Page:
The second major bone structure involved in this deviation is the pelvis. The pelvis is an irregularly shaped bone made of three bones (the ilium, ischium, and pubis) fused together. It has a large space in the middle to hold digestive and reproductive organs and is connected by posterior ligaments to the sacrum, which serves as the base of the spine. The movement of the pelvis is connected to the movement of the spine; when the pelvis twists in the horizontal plane, the spine twists, and when the pelvis tilts in the sagittal or frontal plane the spine curves as well. In this deviation, the superior end of the pelvis tilts anteriorly, pulling the lumbar spine into lordosis. Lastly, the position of the femurs is affected by the tilt of the pelvis, since they are connected via the hip joint. This can potentially impact range of motion of the hip in all planes of motion.

Correcting Anterior Pelvic Tilt

Using épaulement adds to the desired aesthetic affect of this movement. Kinetic chain balance contributes to the mobility of the upper body, making this possible.

Dance teachers often remind the student to align the ribcage directly over the pelvis as a way to contract the abdominal and oblique abdominal muscles and lower back muscles. In order to support both the lowering and raising of the body, the core must be strong in order to maintain correct vertical alignment and to support the weight of the body; the gluteus muscles, quadriceps, and hamstrings must be strong so that the body does not “sit” at the deepest point of the plié and is still actively lifted. While the joints should stay stacked in vertical alignment, the added ballet quality of épaulement allows for the cervical spine to have a little fluidity, adding elegance to the movement by softening the chest and moving the head.

The Kinetic Chain

To better understand the implications of anterior pelvic tilt, it is important to understand its connection to the kinetic chain. The kinetic chain claims that power is transferred from joint to joint and that movement efficiency depends on a balance between mobility and stability up and down the chain. This can be seen in the take-off and landing from a jump. Both of these movements require the use of a plié to ensure the optimal amount of power. The optimal power comes from the length-tension relationship, which claims that the initial length of the muscle influences its force production. With this being said, beginning a jump from a grand plié would not yield optimal results- a more intermediate position would be best. By exhibiting correct alignment and length-tension relationship, power would be at its peak.

The kinetic chain also involvesalternation between points of mobility and stability, which are also key to the effectiveness of the movement. In an anterior pelvic tilt, the lumbar spine exhibits too much mobility, which interrupts the balance of the kinetic chain. The correction of a pelvic tilt requires muscle activation around the lumbar spine to help increase its stability. This does not inhibit the mobility of the hips, and the femurs can still move freely within the hip joints. The correction to “use the core” really intends to stabilize the lumbar spine. Therefore, the kinetic chain can be made even more effective by this correction. Injuries can occur when an area that is supposed to be mobile is too stiff or stabilized, and vice-versa. This correction helps maintain the balance between stability and mobility.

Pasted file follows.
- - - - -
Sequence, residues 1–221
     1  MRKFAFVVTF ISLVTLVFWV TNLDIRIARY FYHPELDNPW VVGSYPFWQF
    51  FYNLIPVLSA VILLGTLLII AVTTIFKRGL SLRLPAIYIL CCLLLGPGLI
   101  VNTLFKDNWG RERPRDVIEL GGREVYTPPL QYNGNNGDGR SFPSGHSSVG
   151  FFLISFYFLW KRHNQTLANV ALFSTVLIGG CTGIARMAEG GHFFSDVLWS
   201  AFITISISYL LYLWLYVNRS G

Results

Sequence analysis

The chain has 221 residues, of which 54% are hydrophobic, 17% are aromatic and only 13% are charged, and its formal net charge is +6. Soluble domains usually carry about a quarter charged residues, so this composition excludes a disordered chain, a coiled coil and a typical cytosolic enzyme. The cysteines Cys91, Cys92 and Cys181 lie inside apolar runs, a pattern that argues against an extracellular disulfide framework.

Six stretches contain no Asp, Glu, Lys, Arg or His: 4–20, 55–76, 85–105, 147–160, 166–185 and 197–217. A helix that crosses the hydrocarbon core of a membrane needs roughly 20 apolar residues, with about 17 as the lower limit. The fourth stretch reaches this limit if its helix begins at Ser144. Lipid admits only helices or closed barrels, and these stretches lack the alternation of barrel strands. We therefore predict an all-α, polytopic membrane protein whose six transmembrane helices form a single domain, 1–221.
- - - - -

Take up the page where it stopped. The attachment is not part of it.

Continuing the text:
In this side-by-side view at the depth of a grand plié, the image on the left, shows how anterior pelvic tile results in hip flexion, which impedes verticality in a grand plié. In the image on the right, observe Lucy using correct pelvic alignment. This allows for unimpeded mobility of the hips.

Addressing this correction would challenge the body to relearn how to perform a first position grand plie, because it would potentially be working against years of compensation created by performing a movement incorrectly. To work on this correction, exercises can be practiced which improve muscular endurance, especially that of the abdominals and hips (gluteus muscles). To permanently embody this correction, the dancer would need to increase muscular endurance enough to allow them to constantly contract those stabilizing muscles without fatigue through the entire ballet class. Someone who struggles with a pelvic tilt may feel that their body is naturally inclined to release the abdominal and hip muscles and have difficulty in maintaining these muscular contractions through the duration of the class period. It is a difficult correction to address instantly and permanently. Some exercises that may aid in this correction are: bridges and a kneeling leg lift.


In conclusion, a grand plie in first position is a very complex movement. It includes the combined effort of the bones, joints, and musculature in order for the movement to occur. This movement requires the balance of the kinetic chain which can easily be disrupted by a postural deviation such as anterior pelvic tile. Considering all of these aspects of performing a grand plie in first position allows a dancer to address the correction of “engaging your core.”


Kelli Rogers is originally from the Chicago suburbs. She is a Senior at Loyola University Chicago pursuing a major in Molecular Biology and a minor in Dance. She hopes to keep her love for dance alive as she strives to go to medical school to become a pediatrician.

Lucy Jaffar is a sophomore studying Dance and Psychology at Loyola University of Chicago. Originally from San Francisco, California, she attended a public arts high school with a dance focus and studied at San Francisco Ballet for several years. She is interested in working in dance administration and teaching.

Lauren Bunke is from Grayslake, Illinois. She is a junior at Loyola University Chicago pursuing a degree in Biology (with a Molecular Emphasis) and a minor in Dance. She is currently devoting much of her time to assisting with research in neuroscience at Rush University, and she plans to pursue a graduate degree and a career in biological research.

Darcelle Murray is from Chicago, IL and is right now at Loyola University Chicago with a major in Business and a minor in Dance. Her favorite type of dance is ballet and pointe. As a person with disabilities, her goal one day is open up her own dance studio and be a dance teacher for people with disabilities.

Header photo by Flickr user Shari, courtesy of Creative Commons


Author: Guest Contributors